In other words, I thought splits and exotics had different rules.  How wrong is this?


How long has it been since I've reviewed a book?!  The time has come, though, to catch up with some neat books by Princeton Press.  

First up, "The Atlas of Birds; Diversity, Behavior, and Conservation" by Mike Unwin.  This is a 144 page book published by the Princeton University Press.  It was published in 2011 and is listed as $22.95.

Straight off the bat I realized that this was not your average kind of "bird book", not something you take out into the field or anything like that.  Instead, this was a collection of distribution maps, interesting graphics, and colorful charts that would brighten up any coffee table.  Unlike most of our bird books, the author didn't include maps just for particular species but more so for families of birds and distribution trends.  Here's an example looking at the distribution of Pigeons to Cuckoos:

Here's a similar spread about swifts and hummingbirds:

This book is filled with interesting factoids too, stuff I never knew.  For example, have you ever wondered how many bird species were mentioned in Shakespeare's works?  And how many times each of them were mentioned?  Well then, this book is right for you.  The Nightingale was mentioned 30 times whereas the Goose was mentioned 44 times!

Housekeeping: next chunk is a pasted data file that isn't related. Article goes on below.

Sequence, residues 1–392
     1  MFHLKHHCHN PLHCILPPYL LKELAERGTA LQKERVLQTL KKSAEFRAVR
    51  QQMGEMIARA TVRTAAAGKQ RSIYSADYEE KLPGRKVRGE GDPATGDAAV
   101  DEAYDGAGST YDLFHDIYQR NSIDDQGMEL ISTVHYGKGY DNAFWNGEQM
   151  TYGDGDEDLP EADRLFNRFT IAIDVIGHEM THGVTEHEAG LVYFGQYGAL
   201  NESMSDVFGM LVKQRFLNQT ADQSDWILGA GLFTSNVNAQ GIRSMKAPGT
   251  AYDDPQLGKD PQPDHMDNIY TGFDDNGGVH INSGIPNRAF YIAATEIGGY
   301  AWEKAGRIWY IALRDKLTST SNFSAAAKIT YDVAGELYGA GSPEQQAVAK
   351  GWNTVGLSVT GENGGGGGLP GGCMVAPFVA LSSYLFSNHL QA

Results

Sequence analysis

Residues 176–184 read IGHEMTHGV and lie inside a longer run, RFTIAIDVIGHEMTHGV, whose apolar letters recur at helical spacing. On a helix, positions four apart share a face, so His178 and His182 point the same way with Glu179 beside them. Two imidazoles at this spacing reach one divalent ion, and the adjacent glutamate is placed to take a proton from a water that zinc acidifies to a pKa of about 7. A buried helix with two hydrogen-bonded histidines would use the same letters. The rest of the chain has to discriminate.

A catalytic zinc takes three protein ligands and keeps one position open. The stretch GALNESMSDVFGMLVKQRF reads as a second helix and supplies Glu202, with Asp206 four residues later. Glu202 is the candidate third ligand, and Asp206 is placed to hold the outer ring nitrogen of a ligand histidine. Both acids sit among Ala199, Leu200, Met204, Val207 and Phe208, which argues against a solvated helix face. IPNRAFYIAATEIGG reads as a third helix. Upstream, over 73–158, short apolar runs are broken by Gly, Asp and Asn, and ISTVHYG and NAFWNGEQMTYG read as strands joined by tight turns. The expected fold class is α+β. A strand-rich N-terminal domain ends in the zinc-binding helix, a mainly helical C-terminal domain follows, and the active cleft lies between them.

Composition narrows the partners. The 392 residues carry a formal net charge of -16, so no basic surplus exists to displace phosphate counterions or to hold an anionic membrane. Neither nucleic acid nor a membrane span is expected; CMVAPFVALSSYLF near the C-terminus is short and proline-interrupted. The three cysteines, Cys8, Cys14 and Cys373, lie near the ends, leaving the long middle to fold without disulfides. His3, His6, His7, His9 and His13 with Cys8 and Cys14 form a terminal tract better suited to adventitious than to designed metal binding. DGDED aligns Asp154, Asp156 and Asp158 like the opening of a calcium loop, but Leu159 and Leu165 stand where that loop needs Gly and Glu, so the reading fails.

There is no shortage of charts, pie graphs, and maps in this book.  They're not all on the same topic either but a wealth of different ideas and concepts relating to birds of the world.  You can learn more about:

Finding Food
Sense & Sensitivity
Showing Off
From Egg to Adult
Birds on the Menu
Putting Birds to Use
Birds in Culture
Conflicts with Birds

The list just goes on and on.  And on essentially every page?  Maps!

Th below page talks about "Birds on the Move" and shows flight height, some migration routes, etc.  For example:

"Most migrating birds usually fly at between 200 - 1500 m (640 - 4800 ft) above sea level.  They fly lower when the wind is against them, as ridges, tress and buildings lessen its force.  When the wind is behind them they fly higher, to benefit from its full force.  Mountains compel birds to gain altitude.  Bar-headed Geese (Anser indicus) in central Asia regularly cross the Himalayas."

I'll mention it again; colorful maps... there really are too many to include here but here's just an average page filled with photos and interesting graphics:

As the title suggests, not only are there maps but there is a real conservation theme to this book as well. The author spends time writing about BirdLife International, campaigns & conventions, saving species, protecting places, extinction, etc.  I think the author does a good job at first amazing you with unbelievable facts about birds but then bringing to light the need for conserving many of these amazing varieties.

So honestly, is this my kind of book?  For those of you who know me, you know my affinity for maps of all different kinds.  Combined with birds, how exactly can you go wrong?  Although this is not a field guide of any sorts, it's a very interesting combination of informative graphics and refreshingly-bright maps.  I encourage you to take a look and see what you think.

Disclaimer:  I received a complimentary copy from the publisher for review purposes, but the viewpoint expressed in this article is entirely my own.